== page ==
Behind many Public Storage orange doors is green construction that helps preserve the environment and reuse historic buildings in communities around the country.
By repurposing existing structures whenever it can, the company is reducing the impact of building by limiting the construction, materials and transport needed to open a new storage location, and it is eliminating millions of pounds of waste.
Over the years, Public Storage has repurposed and recycled several large buildings, some with interesting past lives. There’s an early Ford Motor Company regional assembly plant, shown above, the first movie studio where Charlie Chaplain worked and the largest cold storage facility from the last century—a Jersey City hub for eggs, cheese and poultry distribution by rail to markets in greater New York City. Public Storage sometimes also buys and reuses existing self-storage structures instead of building from scratch.
“Repurposing existing buildings is definitely a play in the playbook that we will continue to do more of, using repurposed buildings that might otherwise be destroyed,” said Tim Stanley, a Public Storage senior vice president.
Reducing the Impact of Construction
In projects around the country, Public Storage developers reuse the foundation and outside walls of existing structures and convert the interiors into rows of shiny new storage units. The company also acquires mini storage facilities for local customers in lieu of building from scratch, another boon to the environment.
Repurposing the shell of a structure eliminates between 50 and 80 percent of greenhouse gases that would be produced building from scratch, said Larry Stain, of the eco-friendly Siegel & Strain Architects, which has focused on green building projects since the 1990s.
“The buildings that take the most carbon to build are big, industrial commercial buildings because they’re framed in steel or concrete,”said.
And these are typically what the company transforms, like one of the largest Public Storage locations at 16700 Red Hill Ave, Irvine, CA 92606, pictured below, that was once an industrial space.
When companies avoid demolishing and rebuilding from scratch, fewer greenhouse gases are produced, said Strain. The energy – from materials to construction – required for an average 50,000 square foot building is equal to 640,000 gallons of gasoline, according to a 2011 study by the Washington State Department of Archaeology and Historic Preservation.
That’s a whole lot of energy saved by Public Storage, which reuses buildings that can exceed 230,000 square feet.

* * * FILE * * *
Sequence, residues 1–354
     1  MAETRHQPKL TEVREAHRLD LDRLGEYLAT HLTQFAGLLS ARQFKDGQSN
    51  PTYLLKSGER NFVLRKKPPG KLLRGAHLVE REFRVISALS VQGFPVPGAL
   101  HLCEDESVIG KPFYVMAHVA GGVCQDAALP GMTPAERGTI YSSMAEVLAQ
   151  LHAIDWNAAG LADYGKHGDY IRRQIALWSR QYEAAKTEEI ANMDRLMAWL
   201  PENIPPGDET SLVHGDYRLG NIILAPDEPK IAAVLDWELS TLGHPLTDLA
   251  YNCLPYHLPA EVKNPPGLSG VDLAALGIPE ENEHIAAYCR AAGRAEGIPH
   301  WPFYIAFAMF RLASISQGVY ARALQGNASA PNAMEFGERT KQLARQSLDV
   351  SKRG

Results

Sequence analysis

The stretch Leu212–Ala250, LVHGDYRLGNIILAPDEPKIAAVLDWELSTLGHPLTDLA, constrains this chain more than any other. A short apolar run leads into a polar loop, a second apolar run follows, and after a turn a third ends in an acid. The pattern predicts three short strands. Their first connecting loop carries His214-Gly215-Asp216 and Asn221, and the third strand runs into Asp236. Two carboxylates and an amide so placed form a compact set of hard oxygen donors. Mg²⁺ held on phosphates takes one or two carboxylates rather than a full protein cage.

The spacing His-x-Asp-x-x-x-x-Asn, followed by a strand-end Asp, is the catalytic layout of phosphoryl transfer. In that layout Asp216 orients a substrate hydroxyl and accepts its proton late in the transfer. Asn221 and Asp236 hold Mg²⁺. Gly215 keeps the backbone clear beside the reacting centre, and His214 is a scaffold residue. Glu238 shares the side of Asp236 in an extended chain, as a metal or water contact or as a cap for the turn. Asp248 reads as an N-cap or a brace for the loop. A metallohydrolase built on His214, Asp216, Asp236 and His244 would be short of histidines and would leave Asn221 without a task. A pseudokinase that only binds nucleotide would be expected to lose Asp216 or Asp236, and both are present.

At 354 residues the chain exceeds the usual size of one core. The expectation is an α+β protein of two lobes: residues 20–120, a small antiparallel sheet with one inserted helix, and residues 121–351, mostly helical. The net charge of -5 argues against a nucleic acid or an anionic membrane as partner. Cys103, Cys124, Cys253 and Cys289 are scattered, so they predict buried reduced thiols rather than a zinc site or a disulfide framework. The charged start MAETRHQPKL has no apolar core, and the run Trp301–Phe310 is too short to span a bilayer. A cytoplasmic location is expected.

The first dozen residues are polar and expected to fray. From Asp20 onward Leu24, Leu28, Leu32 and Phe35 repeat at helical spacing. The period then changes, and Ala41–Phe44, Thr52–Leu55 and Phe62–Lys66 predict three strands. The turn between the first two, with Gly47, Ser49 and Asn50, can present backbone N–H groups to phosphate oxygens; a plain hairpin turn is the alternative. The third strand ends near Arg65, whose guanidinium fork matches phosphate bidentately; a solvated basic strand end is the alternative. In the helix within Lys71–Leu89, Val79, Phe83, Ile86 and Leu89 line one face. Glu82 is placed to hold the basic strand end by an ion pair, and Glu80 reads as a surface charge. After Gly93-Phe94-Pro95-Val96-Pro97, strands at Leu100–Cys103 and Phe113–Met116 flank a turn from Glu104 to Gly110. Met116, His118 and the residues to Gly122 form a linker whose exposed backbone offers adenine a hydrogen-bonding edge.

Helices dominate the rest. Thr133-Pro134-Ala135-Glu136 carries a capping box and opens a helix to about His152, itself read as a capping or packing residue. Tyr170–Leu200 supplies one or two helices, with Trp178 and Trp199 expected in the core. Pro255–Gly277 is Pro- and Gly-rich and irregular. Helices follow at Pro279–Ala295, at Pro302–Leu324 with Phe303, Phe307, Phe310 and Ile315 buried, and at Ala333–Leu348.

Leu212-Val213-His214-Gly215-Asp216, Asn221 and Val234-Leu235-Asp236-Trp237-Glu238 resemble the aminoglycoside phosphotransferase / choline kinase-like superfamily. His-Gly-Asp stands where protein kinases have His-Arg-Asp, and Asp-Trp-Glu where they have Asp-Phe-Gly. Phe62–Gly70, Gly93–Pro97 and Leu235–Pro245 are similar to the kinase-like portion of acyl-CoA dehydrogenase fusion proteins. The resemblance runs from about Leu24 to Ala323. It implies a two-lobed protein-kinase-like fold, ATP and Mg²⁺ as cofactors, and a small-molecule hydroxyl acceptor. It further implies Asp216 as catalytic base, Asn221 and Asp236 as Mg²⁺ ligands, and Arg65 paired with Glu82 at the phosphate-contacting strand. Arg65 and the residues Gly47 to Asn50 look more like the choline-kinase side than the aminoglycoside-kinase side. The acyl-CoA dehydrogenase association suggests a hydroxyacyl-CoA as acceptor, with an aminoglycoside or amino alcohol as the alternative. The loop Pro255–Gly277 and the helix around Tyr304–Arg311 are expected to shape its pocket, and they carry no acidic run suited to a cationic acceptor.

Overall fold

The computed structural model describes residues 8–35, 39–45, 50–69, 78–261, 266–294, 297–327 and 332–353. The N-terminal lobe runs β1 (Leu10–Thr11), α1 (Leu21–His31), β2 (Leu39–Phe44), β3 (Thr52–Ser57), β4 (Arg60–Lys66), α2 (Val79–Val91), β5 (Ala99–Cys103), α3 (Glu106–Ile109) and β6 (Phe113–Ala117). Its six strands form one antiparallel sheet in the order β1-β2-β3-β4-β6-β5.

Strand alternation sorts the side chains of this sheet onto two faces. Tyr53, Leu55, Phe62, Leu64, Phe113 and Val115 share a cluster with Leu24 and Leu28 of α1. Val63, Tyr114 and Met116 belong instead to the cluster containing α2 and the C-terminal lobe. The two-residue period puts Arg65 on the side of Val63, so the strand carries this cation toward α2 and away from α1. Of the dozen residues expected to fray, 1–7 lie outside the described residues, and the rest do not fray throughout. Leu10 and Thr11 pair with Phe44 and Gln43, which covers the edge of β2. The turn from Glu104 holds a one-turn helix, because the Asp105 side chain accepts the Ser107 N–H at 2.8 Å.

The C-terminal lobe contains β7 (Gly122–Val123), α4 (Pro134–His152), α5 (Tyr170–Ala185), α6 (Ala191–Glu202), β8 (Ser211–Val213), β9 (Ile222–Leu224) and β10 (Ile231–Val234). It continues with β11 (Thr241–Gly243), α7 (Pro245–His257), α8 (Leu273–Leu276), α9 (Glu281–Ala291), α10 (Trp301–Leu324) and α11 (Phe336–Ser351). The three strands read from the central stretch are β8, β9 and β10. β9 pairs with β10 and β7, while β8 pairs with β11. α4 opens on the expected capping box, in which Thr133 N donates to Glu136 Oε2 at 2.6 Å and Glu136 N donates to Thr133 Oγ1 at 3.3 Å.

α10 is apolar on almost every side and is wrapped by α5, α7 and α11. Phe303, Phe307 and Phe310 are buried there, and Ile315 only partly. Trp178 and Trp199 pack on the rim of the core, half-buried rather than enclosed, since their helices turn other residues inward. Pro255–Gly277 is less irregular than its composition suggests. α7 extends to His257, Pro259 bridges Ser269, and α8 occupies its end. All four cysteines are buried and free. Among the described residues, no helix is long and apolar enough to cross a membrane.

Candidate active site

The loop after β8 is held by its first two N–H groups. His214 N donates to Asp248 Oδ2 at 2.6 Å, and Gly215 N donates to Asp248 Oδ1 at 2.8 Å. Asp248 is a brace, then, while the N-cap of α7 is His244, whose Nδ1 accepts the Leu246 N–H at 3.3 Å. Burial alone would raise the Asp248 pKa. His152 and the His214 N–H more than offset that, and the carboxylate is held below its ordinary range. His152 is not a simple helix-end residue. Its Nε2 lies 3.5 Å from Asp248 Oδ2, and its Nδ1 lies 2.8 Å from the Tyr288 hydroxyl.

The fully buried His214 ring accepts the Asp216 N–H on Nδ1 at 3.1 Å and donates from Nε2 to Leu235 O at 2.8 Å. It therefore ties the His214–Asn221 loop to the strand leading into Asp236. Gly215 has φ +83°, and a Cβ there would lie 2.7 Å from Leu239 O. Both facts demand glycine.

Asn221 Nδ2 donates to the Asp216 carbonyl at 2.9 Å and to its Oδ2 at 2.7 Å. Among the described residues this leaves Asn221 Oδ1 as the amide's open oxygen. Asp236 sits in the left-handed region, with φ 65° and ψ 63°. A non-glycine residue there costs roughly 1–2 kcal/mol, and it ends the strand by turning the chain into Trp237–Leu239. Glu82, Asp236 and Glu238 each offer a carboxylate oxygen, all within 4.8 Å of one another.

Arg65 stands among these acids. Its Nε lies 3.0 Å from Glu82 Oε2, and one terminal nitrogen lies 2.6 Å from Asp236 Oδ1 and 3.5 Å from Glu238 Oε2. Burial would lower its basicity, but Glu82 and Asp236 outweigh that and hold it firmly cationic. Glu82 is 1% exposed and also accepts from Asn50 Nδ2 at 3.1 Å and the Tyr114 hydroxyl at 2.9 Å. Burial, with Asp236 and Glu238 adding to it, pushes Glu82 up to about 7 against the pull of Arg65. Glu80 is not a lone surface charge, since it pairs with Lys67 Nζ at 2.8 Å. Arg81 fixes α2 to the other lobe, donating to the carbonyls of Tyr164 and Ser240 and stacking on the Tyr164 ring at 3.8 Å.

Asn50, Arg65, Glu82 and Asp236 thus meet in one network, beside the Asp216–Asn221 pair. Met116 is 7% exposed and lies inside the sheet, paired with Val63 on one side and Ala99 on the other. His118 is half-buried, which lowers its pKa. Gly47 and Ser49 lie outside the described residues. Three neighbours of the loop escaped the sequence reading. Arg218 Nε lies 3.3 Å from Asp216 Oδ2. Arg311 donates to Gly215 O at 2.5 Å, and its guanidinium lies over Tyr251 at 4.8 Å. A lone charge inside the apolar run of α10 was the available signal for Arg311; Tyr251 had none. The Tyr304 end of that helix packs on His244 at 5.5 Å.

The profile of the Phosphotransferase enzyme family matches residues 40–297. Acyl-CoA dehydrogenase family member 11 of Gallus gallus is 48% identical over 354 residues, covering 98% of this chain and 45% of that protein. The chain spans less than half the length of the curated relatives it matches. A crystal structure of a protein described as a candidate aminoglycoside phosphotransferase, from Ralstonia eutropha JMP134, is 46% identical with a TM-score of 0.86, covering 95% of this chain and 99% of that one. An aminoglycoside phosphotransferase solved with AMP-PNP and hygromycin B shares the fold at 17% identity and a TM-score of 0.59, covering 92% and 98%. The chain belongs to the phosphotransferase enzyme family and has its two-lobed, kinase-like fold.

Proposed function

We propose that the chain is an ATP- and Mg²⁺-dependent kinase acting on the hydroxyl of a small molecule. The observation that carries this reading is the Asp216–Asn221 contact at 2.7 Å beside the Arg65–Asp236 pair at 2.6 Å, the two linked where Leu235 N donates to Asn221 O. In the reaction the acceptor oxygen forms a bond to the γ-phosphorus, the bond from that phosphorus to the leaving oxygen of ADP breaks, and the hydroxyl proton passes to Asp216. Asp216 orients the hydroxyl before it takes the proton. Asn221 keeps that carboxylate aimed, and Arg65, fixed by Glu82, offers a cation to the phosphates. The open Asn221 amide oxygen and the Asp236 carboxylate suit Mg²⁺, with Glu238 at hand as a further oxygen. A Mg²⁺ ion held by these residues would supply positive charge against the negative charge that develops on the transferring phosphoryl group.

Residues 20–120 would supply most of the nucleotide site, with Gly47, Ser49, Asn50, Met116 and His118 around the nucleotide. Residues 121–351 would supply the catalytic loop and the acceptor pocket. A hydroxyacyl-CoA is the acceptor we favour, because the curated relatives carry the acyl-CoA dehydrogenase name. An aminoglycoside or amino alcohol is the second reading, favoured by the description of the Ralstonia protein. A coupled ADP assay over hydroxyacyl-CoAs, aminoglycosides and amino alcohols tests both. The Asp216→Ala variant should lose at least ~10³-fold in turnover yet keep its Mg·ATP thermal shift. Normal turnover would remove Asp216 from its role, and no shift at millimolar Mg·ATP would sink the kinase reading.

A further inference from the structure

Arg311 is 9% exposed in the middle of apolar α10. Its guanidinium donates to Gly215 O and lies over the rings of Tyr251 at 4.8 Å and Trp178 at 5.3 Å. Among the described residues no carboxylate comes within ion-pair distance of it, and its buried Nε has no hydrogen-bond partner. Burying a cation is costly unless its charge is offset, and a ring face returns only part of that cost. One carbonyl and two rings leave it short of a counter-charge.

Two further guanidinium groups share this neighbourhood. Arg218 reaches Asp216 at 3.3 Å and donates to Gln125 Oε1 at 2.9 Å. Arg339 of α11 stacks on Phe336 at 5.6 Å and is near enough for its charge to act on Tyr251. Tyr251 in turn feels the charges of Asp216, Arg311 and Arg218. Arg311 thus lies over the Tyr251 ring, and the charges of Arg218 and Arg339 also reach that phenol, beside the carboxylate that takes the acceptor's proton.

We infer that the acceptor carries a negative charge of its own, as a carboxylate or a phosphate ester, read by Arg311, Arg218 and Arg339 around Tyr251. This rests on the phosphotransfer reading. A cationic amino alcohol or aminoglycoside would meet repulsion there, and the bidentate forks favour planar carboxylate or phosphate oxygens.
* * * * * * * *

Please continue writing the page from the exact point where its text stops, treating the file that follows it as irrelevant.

And while newer buildings may be constructed with more eco-friendly bells and whistles, preserving old structures may be more beneficial. It would take 10 to 80 years for a new structure that is 30 percent more green to come overcome the impact of new construction, according to scientists in a 2011 study by the National Trust for Historic Preservation.
Reducing Demolition Diverts Tons of Landfill Waste
Cutting back on demolition during construction reduces the amount of rubble that would otherwise have to be transported offsite and often end up in landfills. Taking down walls inside but leaving the outside intact also contains the dust and debris particles during a major remodel.
“It’s less disruptive,” Stanley said.
The average building demolition, for example, produces 155 pounds of waste per square foot. Turning around and rebuilding at that same location creates another 3.9 pounds of waste, according to the Washington State study.
So by repurposing buildings, Public Storage has eliminated millions of pounds of landfill waste, and counting. In addition, the structures used are sometimes so large, with four-feet-thick walls in one case, they would be difficult to reuse for retail, office or residential projects.
“If a developer bought many of these buildings, the structures would have been demolished,” said Frank Caccuro, a Public Storage vice president of East Coast construction.
He directed the redevelopments of two of Public Storage’s largest properties: Public Storage at 385 Gerard Ave., Bronx, NY 10451 (pictured below) and Public Storage at 133 2nd St., Jersey City, NJ 07302.
Repurposing warehouses like these also reduces the need for new materials, which would have an environmental impact to create and require fuel to transport.
“When retrofitting an existing structure, there’s less need to fabricate and ship additional raw materials,” said Caccuro, noting a reduced need for wood, concrete, brick and metal with remodels versus new construction. “The bones of these buildings are rock solid.”
Interiors Rebuilt with Green Features
Public Storage is incorporating greener practices indoors. It is adding energy-efficient air systems, LED lights and energy-efficient building “skins” like the one pictured above that can insulate from the elements.
Redevelopments aren’t easy and can even take longer, but somebody’s got to do it. Construction teams can find more unidentified roadblocks during retrofitting that could set a project back.
“As we start to peel back a structure, we find a lot of unknowns,” Caccuro said, remembering the 100-year-old sewer pipe they found and dealt with during the Jersey City retrofit.
The gains have not only been good for the environment, but also for business. Since fewer materials are needed to repurpose a building, reusing can often cuts costs.
These locations also have a tendency to be in the thick of high-density cities where vacant land comes at a high price, if it can even be found.
“We’re always looking at repurposing projects. Especially in inner-city areas where the need for storage is the greatest,” Caccuro said.
You can expect some beautiful orange buildings rolling out soon.
“There’s a lot of hurdles, but there’s a lot of rewards when retrofitting,” said Strain. “You can make a beautiful building out of something old, and we should be focusing on that more.”